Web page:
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Learning disability

Around 1.5 million people in the UK have a learning disability and around 350,000 of those have a severe learning disability.

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Shared Lives for learning disability

Shared Lives is safe, consistent and person-centred, and has a rich history of supporting people with a learning disability to live well. Shared Lives is diversifying to support people with different support needs, but the majority of people in a Shared Lives arrangement have a learning disability.

Pat and Stephen's story

Stephen is 61 and lives with diabetes and a learning disability. When Stephen’s father died and he was left to live on his own, his life took a turn for the worse.

Stephen struggled with mental ill health and he was financially defrauded by members of his family. He was unable to do many of the things that make up an ordinary life. He couldn’t keep himself or his flat clean, ate badly and spent his days alone watching television.

When Stephen was introduced to his future Shared Lives carer Pat and her husband Alan, both parties decided they wanted to live together: Stephen said: “I came here because I like the place and the atmosphere. I was scared at first because it was a strange place, then I got more confident to stay.”

The life change for Pat wasn’t seamless either, as she committed to sharing almost all aspects of her life with a new person, with different habits and personality traits.

“When he first came to us – Stephen swore like a trooper!” said Pat.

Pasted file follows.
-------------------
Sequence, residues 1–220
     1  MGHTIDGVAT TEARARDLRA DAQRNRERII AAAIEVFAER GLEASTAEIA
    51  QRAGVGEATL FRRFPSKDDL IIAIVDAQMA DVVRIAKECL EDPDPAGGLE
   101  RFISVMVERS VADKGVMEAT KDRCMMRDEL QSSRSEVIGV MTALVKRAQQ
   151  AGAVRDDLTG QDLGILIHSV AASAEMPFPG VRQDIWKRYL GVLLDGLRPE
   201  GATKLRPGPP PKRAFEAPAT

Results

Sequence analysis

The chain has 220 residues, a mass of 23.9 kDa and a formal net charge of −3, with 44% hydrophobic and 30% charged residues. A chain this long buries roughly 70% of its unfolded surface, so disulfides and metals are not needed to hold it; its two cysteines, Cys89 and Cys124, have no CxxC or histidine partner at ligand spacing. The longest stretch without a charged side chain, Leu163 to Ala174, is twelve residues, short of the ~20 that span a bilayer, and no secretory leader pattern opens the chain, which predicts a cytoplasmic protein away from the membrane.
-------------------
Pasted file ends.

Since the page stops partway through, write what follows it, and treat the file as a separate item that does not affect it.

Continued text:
As Stephen explained: “We’re from totally different backgrounds.”

Gradually, Stephen’s life expanded in all directions. With the support of Pat and Alan, he started to realise his potential and participate in home, family and community life. He is a student on a catering course at college, he attends wood working classes and is a regular attendee at his local football club. He has enjoyed his first ever holidays with Pat and Allen – to Turkey and Cyprus, and has made friends at college and social clubs including Jenny, who he goes to the cinema with. He said: “I never used to go out, never had any friends. Since I came here I go to church and the Tuesday club – I’ve got loads of friends now.”

As his cooking skills have improved Stephen has developed a much healthier lifestyle, he has lost four stone and his diabetes is now under control.

“He should be very proud of himself,” Pat said.

But Pat and her husband Alan have also gained so much from their relationship with Stephen. Alan and Stephen often go to the pub together and enjoy conversations about local history and heritage. “Now, they are like Darby and Joan,” Pat says of Alan and Stephen. “There have been times when I’ve felt down and Stephen has been great at cheering me up. We’re company for each other.”